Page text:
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how to set up linux so machines _by default_ access INTERnet thru socks

I have 3 systems on my lab network:

A: linux box with 2 interfaces, connected to INTRAnet (8.37.198.22 mask 255.255.240.0) via token ring on tr0, connected to lab network (10.0.0.1 mask 255.255.255.0) via ethernet on eth0
B: windoze box, lab network (10.0.0.2 specified) on eth adapter
C: mac box, lab network (10.0.0.3 specified) on eth adapter

The mac and the windoze can access the INTRAnet and the INTERnet through ip forwarding and ip masquerading on the linux, the default INTRAnet gateway being 8.37.192.1, the DNS server at 8.37.0.55. In my environment a socks server is used to connect the INTRAnet with the INTERnet; it is at 8.37.3.60.

A socks client by Hummingbird (which allows all appz to use the socks server for INTERnet connections) is available for Windows 9x. It is installed and works fine through the linux box.

The Mac is an older model running system 7.6.1. As far as I know, no socks client is available for it.  Thus, appz which are not 'socks-aware' are not able to make INTERnet connections. I'm aware that the Mac versions of Netscape Navigator, Fetch 3.0 (ftp client), Anarchie (archie/ftp client), Microsoft Internet Explorer, etc. support socks--I want to enable EVERY network app on the Mac to use socks.  

How would I set up the linux box so that any machine on the lab network (windows, mac, etc.) would _by default_ access the INTERnet through the socks server at 8.37.3.60 without having to have a socks client installed?

If a solution allows the linux box itself (as a client of the socks server) to access the INTERnet, it would be great, but its not necessary. The main thing is to allow the Mac to have full INTERnet access through the socks server.


TIA

Jennifer
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valdese
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valdese
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1 Solution
 
jlevieCommented:
Actually I think you might be able to find some clients for the Mac that support SOCKS. The SOCKS FAQ (http://www.socks.nec.com/socksfaq.html#q7) says:

"Netscape's Navigator, NCSA's Mosaic, Fetch 3.0 (ftp client), Anarchie (archie/ftp client), Microsoft's Internet Explorer, and PointCast's client support SOCKS"
~
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valdeseAuthor Commented:
Edited text of question.
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valdeseAuthor Commented:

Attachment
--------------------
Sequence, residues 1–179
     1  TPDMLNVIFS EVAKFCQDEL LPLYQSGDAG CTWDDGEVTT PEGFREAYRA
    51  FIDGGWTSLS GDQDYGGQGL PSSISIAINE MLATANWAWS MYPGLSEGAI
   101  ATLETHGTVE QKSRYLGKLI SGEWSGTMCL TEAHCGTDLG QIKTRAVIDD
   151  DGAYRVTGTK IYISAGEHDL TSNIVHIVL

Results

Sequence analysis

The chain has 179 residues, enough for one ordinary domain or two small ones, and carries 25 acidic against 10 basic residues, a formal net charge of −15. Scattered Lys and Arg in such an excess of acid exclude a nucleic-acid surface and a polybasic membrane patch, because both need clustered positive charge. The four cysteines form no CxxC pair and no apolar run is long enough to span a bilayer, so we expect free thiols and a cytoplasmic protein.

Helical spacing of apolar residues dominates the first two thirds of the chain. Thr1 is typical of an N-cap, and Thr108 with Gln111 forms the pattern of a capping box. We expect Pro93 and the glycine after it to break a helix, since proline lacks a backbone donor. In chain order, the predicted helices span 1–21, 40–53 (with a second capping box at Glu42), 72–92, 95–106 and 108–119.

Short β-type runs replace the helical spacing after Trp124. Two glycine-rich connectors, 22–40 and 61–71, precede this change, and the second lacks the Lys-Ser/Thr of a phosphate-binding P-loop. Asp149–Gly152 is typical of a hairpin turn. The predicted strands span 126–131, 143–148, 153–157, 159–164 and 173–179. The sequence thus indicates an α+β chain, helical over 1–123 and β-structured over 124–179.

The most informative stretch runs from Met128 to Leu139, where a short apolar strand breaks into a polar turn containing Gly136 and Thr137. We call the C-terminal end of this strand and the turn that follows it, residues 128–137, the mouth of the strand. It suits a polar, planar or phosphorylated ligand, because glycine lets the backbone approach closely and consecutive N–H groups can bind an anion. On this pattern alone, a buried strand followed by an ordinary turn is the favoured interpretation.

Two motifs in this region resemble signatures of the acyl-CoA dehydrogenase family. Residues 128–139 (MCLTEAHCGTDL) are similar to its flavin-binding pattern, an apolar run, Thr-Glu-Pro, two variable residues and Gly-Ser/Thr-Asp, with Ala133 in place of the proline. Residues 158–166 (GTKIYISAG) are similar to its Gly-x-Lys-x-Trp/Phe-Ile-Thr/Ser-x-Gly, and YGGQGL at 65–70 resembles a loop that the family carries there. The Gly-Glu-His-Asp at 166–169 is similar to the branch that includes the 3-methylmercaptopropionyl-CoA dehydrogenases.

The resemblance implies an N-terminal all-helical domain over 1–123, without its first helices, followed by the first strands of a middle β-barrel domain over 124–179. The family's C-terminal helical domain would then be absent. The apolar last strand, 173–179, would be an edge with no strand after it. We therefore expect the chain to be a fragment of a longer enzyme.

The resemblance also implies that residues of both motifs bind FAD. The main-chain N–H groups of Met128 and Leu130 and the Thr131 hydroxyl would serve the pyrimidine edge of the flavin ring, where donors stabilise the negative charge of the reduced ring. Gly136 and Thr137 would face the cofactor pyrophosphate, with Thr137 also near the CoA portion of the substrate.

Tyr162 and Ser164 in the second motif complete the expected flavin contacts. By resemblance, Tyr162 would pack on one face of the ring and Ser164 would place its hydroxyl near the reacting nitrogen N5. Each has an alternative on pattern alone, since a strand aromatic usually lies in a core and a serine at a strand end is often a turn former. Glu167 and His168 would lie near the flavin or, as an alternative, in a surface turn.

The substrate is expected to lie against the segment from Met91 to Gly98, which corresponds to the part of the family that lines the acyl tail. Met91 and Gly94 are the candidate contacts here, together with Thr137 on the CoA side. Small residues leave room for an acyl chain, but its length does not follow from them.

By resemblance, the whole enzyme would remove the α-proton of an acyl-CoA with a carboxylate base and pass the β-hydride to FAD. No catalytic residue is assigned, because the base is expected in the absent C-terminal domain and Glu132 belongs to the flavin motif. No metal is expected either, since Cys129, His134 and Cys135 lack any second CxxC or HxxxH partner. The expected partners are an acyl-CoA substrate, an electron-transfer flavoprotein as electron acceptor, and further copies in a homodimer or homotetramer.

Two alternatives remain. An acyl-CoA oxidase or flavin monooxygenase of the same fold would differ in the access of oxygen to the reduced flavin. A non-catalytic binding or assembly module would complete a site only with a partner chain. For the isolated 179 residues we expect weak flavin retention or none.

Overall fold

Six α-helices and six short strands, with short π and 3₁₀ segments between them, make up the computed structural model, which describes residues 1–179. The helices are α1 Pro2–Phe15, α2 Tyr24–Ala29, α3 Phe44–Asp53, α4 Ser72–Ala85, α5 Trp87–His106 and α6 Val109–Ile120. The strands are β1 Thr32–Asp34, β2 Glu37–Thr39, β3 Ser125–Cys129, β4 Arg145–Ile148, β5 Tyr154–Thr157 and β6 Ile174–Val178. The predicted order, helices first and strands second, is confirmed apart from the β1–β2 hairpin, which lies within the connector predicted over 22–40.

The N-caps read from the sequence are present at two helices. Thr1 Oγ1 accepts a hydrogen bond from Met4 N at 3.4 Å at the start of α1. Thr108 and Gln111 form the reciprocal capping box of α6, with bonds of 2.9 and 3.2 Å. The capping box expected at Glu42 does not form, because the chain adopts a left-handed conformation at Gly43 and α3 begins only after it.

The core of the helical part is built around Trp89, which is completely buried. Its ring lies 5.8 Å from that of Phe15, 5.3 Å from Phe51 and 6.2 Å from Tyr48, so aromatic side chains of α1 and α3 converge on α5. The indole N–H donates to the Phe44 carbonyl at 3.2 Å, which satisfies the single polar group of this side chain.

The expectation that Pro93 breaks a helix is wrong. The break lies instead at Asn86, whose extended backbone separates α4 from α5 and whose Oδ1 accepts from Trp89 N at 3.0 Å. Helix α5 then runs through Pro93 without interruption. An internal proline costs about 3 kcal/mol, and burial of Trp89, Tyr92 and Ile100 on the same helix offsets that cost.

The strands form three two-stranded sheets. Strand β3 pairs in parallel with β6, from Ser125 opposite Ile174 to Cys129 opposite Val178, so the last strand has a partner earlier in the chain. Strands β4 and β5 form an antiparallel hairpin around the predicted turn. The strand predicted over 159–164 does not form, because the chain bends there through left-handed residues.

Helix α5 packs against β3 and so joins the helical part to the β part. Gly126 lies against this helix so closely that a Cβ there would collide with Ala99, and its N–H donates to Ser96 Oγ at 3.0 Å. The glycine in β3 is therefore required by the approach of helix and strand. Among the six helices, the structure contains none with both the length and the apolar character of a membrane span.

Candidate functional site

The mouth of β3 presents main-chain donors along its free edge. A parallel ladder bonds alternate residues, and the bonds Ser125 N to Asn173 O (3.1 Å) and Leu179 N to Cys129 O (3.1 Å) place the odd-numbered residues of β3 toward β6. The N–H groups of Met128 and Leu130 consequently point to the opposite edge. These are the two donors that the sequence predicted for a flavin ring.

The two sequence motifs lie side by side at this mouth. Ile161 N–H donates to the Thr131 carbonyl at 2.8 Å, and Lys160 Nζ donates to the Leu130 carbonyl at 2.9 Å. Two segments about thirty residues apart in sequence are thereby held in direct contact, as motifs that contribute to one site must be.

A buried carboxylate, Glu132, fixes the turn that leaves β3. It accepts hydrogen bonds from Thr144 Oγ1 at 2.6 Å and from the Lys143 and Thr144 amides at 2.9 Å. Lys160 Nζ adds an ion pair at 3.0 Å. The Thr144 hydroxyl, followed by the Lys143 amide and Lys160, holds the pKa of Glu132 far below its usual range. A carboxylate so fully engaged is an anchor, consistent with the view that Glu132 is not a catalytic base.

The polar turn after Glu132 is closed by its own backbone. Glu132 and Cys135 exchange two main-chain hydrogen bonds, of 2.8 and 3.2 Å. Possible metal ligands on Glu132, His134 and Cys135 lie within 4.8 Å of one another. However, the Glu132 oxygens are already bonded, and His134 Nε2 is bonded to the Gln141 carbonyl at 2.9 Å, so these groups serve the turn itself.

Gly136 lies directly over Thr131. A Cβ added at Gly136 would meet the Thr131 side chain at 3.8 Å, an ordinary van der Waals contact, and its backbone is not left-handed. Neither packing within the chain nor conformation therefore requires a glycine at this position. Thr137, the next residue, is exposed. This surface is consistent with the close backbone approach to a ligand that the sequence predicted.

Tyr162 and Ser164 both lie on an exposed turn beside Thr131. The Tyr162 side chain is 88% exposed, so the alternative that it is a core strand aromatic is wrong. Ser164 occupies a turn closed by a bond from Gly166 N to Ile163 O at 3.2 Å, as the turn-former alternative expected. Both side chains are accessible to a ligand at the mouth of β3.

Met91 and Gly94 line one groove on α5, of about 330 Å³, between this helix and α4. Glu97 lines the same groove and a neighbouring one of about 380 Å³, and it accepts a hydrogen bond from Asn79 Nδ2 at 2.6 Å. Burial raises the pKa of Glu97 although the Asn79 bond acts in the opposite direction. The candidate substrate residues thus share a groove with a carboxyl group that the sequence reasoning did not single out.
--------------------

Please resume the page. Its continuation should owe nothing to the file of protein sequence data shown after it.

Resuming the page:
Edited text of question.
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jlevieCommented:
I don't think there's anything that would "un-socks" the network. Basically it would have to be a "socks to raw gateway", and I've never heard of anything like that.
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valdeseAuthor Commented:
Adjusted points from 85 to 170
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valdeseAuthor Commented:
Adjusted points from 170 to 200
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hoaxCommented:
Assuming the Linux box is running a 2.2.x kernel with ipchains and transparent proxy support:
1. Run a small TCP proxy. The proxy should listen on _SOMEPORT_.
Socksify the proxy using the Linux socksification method you normally use (you might not have to do anything if you simply replace libraries).
2. Using ipchains redirect all TCP traffic originating from 10.0.0.3 to _SOMEPORT_. The appropriate command is:
"ipchains -I input -s 10.0.0.3 -p tcp -d ! 8.37.0.0/16 -j REDIRECT _SOMEPORT_".
I'm assuming all 8.37.* addresses are on the INTRAnet and should not be accessed through the SOCKS proxy.
If you want the mac to be able to access the linux box directly under its 10.0.0.1 address, you'll need to add a few ipchains commands - you can always access it through the 8.37.198.22 address, however.
3. Setup the mac to route through the Linux box.

This should allow TCP connections from the mac to be transparently redirected through the SOCKS server. It will not allow the mac to run any local server (e.g. FTP must be in passive mode). It also won't allow ICMP (i.e. ping won't work). It could probably be enhanced to work with UDP if you're using SOCKS v5 by using a UDP proxy similar to the TCP proxy and redirecting UDP traffic to it.

I recommend using tcpxd (http://quozl.us.netrek.org/tcpxd/tcpxd-0.4.tar.gz) as the proxy. You'll need to modify the code slightly - the proxy is currently built to redirect all incoming connections to a single host:port combination. Find out where it makes the "connect" call, and instead use the address returned by "getsockname". On redirected connections, "getsockname" will return the original destination instead of the local one.

Hope this helps,

*Hoax*
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